The International Federation’s Mija-tesse Ververs remembers a dilemma faced in Niger in early 2005. “We knew the harvest would not be sufficient yet we could not find donors. It’s tremendously frustrating to come up with lower cost interventions and not be able to get the funds for them.”

In addition, the traditional ‘home’ of the Movement is in conflict and disaster, not long-term development. But John Roche says food security can be built into disaster management and other programmes. “The challenge is to change the way we react to disasters and rebuild livelihoods.” In the first stage of a disaster, National Societies provide food and shelter, but in parallel they can put in place programmes that make people less vulnerable to future disasters.


Cash in the hand in Niger


WHAT: In November 2005 the Red Cross Society of Niger gave US$ 240 each to women in more than 5,700 households in central Niger. In all, 34,000 people should benefit.
WHY: Locusts and drought ruined harvests and pushed food prices too high for many families. Many families sold basic assets and borrowed money.
THE AIM: To increase household self-sufficiency.
RISKS: Staff and volunteers were travelling with cash. Inflation might result. Families could spend the money on non-essentials.
RESULT: Assessments showed people used the money to repay debts, buy food and replace household equipment, farming tools and livestock. The price of some food rose slightly.
COMMENT: Amina Laouali, from Batthe village, says: “I am delighted. In the past we suffered a lot. One-third of the money will go for my children’s needs, another third to buy millet and the final third for livestock.”

The future
There are several positive developments. There is some hope that the burden of AIDS will lessen. UNAIDS’ 2006 Report on the Global AIDS Epidemic shows that the prevalence of HIV/ AIDS is declining in parts of India, Kenya and Zimbabwe. But some of the epidemics in sub-Saharan Africa are still expanding.

Across Africa, National Societies are running food security programmes that should bear fruit long after the acute hunger is over. Mcbain Kanongodza says integrating food security with HIV/AIDS programmes is already paying off in southern Africa. “More households have been reached and there are reports of a reduction in deaths as the HIV/AIDS programme alone did
not have the resources to give people a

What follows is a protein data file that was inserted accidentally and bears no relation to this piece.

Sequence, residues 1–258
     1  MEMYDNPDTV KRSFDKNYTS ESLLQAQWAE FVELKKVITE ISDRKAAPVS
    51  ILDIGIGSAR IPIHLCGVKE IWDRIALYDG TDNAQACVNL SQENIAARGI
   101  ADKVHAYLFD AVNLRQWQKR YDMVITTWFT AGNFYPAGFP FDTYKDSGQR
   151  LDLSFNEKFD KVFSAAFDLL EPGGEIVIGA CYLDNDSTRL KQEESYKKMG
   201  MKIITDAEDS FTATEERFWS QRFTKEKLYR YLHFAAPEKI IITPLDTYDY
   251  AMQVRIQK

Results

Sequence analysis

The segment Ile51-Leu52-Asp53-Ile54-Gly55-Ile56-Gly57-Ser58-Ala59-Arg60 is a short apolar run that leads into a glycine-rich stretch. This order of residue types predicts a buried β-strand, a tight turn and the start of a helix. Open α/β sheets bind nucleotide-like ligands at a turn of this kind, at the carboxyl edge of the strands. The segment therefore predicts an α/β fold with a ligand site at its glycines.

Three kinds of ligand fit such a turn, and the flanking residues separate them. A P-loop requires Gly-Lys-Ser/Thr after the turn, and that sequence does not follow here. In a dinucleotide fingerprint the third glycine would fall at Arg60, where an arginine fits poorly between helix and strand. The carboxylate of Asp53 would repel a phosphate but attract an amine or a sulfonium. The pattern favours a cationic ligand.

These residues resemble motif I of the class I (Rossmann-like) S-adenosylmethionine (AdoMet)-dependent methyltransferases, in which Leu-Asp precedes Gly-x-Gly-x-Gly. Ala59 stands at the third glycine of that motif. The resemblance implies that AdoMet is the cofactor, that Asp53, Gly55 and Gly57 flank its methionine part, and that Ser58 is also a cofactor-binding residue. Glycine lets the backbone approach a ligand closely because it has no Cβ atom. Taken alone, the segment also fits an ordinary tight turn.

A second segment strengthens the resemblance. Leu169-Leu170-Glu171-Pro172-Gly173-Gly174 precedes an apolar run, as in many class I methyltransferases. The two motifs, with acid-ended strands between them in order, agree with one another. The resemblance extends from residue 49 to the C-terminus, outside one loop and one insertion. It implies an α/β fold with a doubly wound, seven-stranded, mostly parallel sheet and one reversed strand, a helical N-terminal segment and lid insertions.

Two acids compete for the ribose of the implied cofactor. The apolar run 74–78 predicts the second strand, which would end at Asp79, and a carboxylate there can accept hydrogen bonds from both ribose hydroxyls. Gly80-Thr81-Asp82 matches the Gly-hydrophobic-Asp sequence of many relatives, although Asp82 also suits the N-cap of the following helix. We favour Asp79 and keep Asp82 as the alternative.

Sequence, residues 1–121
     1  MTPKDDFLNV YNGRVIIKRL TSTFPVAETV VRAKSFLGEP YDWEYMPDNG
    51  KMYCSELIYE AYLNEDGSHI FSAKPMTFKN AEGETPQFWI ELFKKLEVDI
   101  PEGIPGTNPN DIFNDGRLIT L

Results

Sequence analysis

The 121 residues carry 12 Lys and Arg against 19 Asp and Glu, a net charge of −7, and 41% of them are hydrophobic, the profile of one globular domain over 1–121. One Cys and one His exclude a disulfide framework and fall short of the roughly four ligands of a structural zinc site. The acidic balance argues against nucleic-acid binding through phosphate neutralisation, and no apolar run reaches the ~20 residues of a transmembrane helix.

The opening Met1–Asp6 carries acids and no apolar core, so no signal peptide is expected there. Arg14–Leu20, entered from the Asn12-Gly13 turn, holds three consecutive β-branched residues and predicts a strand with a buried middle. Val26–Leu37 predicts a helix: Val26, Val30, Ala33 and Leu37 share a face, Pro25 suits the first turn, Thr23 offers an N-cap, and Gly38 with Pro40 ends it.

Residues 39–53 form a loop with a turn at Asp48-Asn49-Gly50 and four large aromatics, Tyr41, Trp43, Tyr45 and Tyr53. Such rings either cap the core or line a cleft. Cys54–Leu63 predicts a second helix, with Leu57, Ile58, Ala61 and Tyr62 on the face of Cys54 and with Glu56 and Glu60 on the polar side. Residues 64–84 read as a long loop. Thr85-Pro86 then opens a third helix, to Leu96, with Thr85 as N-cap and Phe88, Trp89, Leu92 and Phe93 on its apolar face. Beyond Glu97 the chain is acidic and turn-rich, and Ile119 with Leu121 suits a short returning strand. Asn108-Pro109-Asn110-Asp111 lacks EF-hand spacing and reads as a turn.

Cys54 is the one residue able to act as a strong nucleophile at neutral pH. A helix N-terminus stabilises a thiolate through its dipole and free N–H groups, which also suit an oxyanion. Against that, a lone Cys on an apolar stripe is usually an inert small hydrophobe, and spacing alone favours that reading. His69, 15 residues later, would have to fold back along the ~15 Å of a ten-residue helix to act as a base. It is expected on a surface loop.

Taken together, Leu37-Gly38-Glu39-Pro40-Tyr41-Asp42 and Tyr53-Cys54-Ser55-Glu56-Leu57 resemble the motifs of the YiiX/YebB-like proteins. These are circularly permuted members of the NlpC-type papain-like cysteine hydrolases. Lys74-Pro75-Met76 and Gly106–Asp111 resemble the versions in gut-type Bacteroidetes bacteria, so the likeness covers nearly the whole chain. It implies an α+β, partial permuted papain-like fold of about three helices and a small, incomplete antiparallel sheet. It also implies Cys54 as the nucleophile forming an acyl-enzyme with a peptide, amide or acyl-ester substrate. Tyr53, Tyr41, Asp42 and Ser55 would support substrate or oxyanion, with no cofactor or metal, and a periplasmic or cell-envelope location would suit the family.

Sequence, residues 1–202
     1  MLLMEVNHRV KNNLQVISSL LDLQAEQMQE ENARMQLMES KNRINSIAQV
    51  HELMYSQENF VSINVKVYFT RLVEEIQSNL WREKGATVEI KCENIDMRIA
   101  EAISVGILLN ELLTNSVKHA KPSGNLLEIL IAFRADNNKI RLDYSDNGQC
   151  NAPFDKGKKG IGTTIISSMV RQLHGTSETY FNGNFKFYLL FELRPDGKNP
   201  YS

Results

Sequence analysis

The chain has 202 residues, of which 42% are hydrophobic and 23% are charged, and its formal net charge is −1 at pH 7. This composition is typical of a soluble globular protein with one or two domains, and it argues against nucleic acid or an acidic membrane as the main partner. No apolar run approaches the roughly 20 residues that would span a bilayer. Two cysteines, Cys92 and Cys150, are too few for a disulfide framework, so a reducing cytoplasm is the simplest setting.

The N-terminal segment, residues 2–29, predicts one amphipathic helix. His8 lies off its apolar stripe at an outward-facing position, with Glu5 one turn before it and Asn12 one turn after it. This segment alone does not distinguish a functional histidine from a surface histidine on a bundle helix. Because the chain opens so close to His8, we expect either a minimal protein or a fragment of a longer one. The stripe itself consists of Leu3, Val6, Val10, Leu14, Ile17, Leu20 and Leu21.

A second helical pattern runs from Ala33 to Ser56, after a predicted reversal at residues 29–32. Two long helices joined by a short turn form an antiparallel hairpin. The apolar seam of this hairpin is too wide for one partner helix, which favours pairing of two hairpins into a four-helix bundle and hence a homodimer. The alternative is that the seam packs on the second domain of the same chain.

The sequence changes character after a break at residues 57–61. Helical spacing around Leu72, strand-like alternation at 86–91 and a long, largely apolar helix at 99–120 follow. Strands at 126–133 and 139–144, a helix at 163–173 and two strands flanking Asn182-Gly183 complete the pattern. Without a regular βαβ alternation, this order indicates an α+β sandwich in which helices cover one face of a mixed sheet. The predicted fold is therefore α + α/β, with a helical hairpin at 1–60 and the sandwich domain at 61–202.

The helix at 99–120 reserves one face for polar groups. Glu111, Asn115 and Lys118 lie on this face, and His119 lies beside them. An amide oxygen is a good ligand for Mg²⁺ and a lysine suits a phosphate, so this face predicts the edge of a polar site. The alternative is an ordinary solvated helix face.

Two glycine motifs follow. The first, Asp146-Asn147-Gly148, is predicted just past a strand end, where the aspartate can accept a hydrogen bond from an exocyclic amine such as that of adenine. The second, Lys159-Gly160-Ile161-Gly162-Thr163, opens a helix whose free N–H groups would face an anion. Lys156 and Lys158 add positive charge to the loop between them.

full food basket.”

Some donors are recognizing that long-term development is needed alongside emergency aid and they are funding programmes that match this. But securing funding is still an uphill struggle.

In the Sahel in mid-2006, as the lean season again began to bite, the WFP warned of an interruption in aid unless it received more funds. “Every year is a crisis year for the poorest people of the Sahel. People should not be chronically short of their daily needs in the 21st century,” Mustapha Darboe, the WFP director in west Africa, said in a statement.

Once adequate funding becomes available, if anyone can make a difference in the battle against food insecurity, then it will be the communities themselves. John Roche says the Movement has a unique advantage in addressing such a complex problem effectively and at an early stage.

“We have people on the ground. That’s where our strength lies. People at the community level have their finger on the pulse.”


©Kenya Red Cross Society volunteers are part of the solution to food insecurity.

Rosemarie North
Rosemarie North is International Federation editor of Red Cross Red Crescent.
With contributions from Tapiwa Gomo, Melanie Jackson, Cathy Lengyel, Risco Lumamezi, Tony Mwangi, Aster Solomon and John Zarocostas.


Mcbain Kanongodza – Never a spectator

©TAPIWA GOMO / INTERNATIONAL FEDERATIONMcbain Kanongodza is based in Harare as the International Federation’s food security operations manager for southern Africa. Before that, he was the Malawi Red Cross’s refugee operations manager, director of programmes and, for seven years, secretary general.

What causes food insecurity in southern Africa?
Factors include drought; the fact that about 40 per cent of the people live in abject poverty which leaves households intensely vulnerable: the HIV/AIDS pandemic, which has made the situation worse; an increase in the price of farm implements, which has denied the majority of the households the chance to engage in meaningful agricultural activities; and bad agricultural policies and bad governance. Donors have contributed by forcing governments to institute policies which have largely failed to increase household or national food security, reduce poverty or diversify agriculture.

How are things in Malawi?
Many of my relatives and family members are food insecure. Introducing them to innovative methods of farming is one way to assist. The methods allow a subsistence farmer to produce more on a small plot, something that is not done in many communities due to lack of knowledge. People are dying because of a lack of knowledge.

What motivates you?
I got involved in food security as a food producer in my country as a response to my long-standing desire to make food available to marginalized groups such as orphans and the aged who have no capacity to fend for themselves. The suffering I have witnessed in some communities is a humanitarian call to me never to be a spectator but one of the implementers on the ground, working with food-insecure communities and hoping to serve those that can be reached.